clock menu more-arrow no yes mobile

Filed under:

How to improve the Hornets' starters

As we get ready to start the playoffs, I thought I'd take a look at each of the Hornets' starters and point out one weakness of theirs that I've noticed. For the most part, these weaknesses are easily fixable, and making small changes to their game would yield a huge benefit for the playoffs.

Chris Paul, PG- get more aggressive

We saw a bit of this in the Suns game, but it's been strangely lacking so far this season. I remember back in the 08-09 season, it seemed like CP3 would score 25-30 points every night, and almost all of them would come in the second half. I haven't felt that same intensity / degree of domination this season. CP is a true distributor, and I love how he gets all of his teammates involved throughout the game. However, once the 4th quarter comes around, I want to see the old CP3 cutting through the opposing team's D, hitting circus shots, and going to the foul line every other time down the line.

Marco Belinelli, SG- rebounding

The obvious choice here would be more consistent three point shooting, which would open up the Hornets offense and really take our team to another dimension. Unfortunately, that's not something that can be improved overnight (and that's what this article is focusing on). His rebounding, on the other hand, can. I know he's not exactly designed to grab boards, but he's one of the worst rebounding shooting guards in the game. As a matter of fact, his rebounding rate would be considered sub-par for a point guard. And it's not like he's undersized; he's 6'5", which is a bit above average for a SG. Man up, put a body on your man, and grab some boards Marco. The Hornets have had trouble all season keeping their opponents of the defensive glass, and while Marco rebounding more wouldn't solve everything, it would be a nice start.

Trevor Ariza, SF- stop shooting jump shots

Ever heard of the phrase "Ball don't lie?" Apparently, Trevor hasn't. A 32% career 3 point shooter, Trevor continues to jack up threes night in and night out. He actually has had games recently where he has airballed more threes than he's made. It's bad, and getting worse- he's shooting 30% from the 3 point line this season, but despite shooting worse than his career average, he has almost doubled his three point attempts per game. Trevor, say it with me "I will stop jacking up threes and instead use my athleticism to cut and drive to the basket." Now, at this point, you might be saying, "Well Andrew, that's just 3 pointers, why can't Ariza keep normal jump shots?" Because he's terrible at those too! Ariza's true shooting percentage is the fifth worst of all small forwards in the game. In other words, he's not good at shooting anything!!! Again, just drive to the hole Ariza, and let someone else shoot the ball!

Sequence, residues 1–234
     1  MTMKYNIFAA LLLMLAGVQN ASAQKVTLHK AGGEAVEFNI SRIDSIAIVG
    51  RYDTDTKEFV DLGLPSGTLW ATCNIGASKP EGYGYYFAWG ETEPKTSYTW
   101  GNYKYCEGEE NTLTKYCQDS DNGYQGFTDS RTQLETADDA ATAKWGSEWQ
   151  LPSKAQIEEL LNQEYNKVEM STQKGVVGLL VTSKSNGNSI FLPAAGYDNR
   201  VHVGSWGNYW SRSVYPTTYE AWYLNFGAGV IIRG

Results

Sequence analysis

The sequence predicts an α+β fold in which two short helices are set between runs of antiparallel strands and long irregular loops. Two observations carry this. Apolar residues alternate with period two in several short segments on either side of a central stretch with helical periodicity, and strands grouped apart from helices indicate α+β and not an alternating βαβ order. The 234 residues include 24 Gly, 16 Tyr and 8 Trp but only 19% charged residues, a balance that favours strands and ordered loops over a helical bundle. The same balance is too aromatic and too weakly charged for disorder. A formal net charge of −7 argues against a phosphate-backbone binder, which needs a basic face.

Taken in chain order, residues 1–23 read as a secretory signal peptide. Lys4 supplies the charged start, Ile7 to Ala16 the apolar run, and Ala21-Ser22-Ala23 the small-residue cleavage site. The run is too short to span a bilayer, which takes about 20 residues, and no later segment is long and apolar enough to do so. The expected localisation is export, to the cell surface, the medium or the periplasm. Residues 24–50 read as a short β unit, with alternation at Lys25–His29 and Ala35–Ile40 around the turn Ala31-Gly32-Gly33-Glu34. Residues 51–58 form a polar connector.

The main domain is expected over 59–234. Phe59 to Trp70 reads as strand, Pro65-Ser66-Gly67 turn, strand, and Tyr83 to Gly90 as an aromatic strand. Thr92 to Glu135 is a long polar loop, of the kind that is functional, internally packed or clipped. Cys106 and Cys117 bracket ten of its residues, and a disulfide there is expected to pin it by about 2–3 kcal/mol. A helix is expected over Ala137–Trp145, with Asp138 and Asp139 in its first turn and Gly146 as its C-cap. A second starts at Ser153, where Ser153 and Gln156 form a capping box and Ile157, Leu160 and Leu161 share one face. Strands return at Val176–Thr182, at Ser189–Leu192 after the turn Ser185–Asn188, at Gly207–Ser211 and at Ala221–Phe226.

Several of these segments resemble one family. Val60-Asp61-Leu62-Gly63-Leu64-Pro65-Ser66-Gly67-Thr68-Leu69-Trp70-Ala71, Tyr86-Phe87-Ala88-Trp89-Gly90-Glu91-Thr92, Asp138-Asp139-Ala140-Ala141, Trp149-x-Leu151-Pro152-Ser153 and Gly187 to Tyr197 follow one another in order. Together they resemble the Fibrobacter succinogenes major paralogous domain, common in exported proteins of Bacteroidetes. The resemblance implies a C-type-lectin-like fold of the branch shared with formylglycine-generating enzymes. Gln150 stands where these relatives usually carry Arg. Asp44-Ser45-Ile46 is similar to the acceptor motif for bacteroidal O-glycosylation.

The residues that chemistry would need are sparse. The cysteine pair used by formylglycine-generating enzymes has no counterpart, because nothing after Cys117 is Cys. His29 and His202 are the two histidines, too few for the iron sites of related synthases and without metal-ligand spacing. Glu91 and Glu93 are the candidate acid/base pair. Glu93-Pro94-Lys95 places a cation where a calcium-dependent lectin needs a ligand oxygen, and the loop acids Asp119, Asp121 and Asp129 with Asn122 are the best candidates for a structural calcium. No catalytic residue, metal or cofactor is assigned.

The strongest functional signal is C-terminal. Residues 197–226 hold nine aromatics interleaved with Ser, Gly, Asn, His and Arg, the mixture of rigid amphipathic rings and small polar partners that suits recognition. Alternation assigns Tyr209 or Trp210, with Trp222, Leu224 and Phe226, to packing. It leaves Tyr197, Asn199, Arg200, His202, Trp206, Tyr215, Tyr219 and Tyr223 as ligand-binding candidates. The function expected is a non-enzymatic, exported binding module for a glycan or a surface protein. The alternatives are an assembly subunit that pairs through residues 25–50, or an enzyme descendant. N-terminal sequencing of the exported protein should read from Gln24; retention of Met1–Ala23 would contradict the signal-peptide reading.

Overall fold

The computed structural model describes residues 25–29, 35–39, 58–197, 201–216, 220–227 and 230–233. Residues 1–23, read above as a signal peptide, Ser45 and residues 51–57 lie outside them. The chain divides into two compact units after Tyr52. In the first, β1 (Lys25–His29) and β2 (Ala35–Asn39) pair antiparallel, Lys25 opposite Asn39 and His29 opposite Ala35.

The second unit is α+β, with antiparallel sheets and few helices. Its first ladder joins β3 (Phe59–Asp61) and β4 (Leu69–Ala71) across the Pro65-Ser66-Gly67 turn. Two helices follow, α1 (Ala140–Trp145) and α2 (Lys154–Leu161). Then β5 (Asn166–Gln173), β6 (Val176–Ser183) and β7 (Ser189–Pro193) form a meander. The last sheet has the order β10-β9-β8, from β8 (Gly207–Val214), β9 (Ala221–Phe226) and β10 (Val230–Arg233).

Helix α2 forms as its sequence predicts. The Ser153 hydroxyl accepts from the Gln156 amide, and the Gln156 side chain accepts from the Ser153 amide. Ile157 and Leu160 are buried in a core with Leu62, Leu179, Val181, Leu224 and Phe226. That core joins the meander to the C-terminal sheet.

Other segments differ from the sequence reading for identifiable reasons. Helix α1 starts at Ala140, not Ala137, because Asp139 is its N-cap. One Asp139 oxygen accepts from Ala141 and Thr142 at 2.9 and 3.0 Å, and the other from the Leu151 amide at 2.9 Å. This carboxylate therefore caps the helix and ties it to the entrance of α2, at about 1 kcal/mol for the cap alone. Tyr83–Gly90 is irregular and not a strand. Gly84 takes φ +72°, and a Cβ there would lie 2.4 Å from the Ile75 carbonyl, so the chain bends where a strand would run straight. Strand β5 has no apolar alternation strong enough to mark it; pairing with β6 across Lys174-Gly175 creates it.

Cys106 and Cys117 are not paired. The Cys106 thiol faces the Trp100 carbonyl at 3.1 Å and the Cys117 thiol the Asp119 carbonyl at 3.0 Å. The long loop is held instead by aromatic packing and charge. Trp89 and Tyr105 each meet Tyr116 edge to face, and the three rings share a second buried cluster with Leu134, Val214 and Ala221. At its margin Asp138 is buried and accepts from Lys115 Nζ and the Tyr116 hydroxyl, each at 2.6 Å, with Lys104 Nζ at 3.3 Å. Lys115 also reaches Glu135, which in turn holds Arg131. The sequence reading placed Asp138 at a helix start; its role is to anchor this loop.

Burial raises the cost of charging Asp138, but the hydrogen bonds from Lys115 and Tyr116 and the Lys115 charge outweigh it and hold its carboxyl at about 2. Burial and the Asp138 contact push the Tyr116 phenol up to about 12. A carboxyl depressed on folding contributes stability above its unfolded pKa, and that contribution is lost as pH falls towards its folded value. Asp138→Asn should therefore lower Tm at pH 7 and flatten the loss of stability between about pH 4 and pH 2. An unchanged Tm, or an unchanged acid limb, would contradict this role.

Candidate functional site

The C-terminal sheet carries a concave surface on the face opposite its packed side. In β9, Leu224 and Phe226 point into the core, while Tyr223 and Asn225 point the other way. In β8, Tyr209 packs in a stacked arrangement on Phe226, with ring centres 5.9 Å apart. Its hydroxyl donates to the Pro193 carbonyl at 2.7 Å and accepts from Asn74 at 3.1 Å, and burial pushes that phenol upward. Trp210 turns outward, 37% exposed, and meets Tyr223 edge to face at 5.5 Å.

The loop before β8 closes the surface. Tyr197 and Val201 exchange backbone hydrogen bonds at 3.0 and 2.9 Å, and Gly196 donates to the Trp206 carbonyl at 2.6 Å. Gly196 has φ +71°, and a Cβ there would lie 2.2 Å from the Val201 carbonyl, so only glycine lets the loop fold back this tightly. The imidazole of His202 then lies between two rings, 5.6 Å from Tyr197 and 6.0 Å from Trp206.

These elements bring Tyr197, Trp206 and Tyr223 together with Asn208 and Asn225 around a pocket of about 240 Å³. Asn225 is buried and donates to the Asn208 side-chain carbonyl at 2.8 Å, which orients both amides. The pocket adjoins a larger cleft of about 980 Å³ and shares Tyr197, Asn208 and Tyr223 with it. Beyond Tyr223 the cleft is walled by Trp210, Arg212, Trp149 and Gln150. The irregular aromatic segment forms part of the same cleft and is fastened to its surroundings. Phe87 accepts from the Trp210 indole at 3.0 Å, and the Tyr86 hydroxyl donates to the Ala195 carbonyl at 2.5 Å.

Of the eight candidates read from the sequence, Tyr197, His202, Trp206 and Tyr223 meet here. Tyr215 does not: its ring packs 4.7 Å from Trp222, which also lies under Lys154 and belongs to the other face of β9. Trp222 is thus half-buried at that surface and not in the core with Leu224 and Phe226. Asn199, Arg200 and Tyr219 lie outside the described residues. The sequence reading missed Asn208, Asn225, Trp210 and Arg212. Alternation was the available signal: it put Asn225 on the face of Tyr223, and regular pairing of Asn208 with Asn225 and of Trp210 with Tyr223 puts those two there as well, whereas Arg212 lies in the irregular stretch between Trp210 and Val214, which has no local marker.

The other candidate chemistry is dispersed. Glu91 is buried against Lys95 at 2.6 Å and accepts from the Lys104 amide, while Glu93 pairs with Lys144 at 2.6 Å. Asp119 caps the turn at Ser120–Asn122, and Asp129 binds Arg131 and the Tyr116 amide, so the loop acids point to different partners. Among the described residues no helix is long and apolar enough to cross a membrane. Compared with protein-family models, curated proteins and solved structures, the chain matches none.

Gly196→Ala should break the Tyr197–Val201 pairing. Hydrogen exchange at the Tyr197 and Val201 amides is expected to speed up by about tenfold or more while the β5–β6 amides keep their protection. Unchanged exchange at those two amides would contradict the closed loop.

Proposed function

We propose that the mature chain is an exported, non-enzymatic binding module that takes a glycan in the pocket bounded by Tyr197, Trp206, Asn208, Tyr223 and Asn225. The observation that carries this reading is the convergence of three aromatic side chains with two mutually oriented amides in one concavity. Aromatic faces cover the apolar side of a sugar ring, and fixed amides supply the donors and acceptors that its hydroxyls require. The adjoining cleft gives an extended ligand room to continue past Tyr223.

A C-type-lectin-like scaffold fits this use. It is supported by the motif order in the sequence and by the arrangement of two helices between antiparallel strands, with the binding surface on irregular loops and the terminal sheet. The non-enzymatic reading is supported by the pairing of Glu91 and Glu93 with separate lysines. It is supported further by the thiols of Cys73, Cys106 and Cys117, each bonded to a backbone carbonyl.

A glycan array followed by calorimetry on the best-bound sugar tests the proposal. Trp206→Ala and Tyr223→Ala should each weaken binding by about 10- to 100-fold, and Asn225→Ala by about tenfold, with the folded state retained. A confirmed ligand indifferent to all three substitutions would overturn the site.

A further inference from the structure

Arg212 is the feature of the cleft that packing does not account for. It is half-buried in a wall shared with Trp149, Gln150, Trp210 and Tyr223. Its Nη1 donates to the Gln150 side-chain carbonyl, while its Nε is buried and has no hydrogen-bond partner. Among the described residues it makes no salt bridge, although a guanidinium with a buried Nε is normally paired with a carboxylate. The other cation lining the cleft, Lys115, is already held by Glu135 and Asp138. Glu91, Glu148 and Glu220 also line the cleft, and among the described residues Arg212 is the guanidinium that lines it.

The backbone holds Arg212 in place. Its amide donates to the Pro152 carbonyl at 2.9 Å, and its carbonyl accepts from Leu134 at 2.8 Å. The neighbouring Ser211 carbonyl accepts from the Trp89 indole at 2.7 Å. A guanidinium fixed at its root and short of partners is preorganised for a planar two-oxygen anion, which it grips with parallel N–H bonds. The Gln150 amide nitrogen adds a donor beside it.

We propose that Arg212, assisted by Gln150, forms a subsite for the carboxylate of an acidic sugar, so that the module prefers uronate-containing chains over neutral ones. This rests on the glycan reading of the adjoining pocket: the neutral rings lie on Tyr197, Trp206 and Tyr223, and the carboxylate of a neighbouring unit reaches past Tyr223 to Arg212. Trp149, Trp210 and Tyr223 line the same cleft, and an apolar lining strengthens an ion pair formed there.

David West- PF - pass out of double teams

(Note, I started writing this before DWest tore his ACL. I'll put an update on Carl Landry soon.).

I've noticed a disturbing trend: teams are sending WAAAY more double teams to DWest lately. Specifically, when he gets the ball in the low post and starts his "Back the opponent down for three dribbles before spinning towards the center of the court and launching a jump shot move" teams have started sending double teams at him pretty consistently. I think opponents have noticed on tape that he losses court awareness when he enters that move. If David can keep his head about him when he enters that move, he can pass out of the double team and the Hornets can get some open jump shots.

Emeka Okafor, Center- learn how to set screens

Next time you watch a Hornets game, watch Oak set a screen for someone. No, seriously, watch him closely. It never fails- he NEVER sets his feet before making contact with his man. He's always still moving when he sets the screen, and what's more, he never squarely sets the screen. Instead, he always gets them with a kind of glancing, hip to hip blow. Know what that's called? A moving screen! That's a foul, and Oak's fortunate the refs don't call it every time. However, it's also an ineffective screen that fails to create much separation between the person he's setting the screen for and their defender. This would be bad normally, but it's even worse because he plays with Chris Paul, that master of the screen and role. Start setting proper screens and watch as the whole team's offensive efficiency sores as CP3 slices through the opposing defense.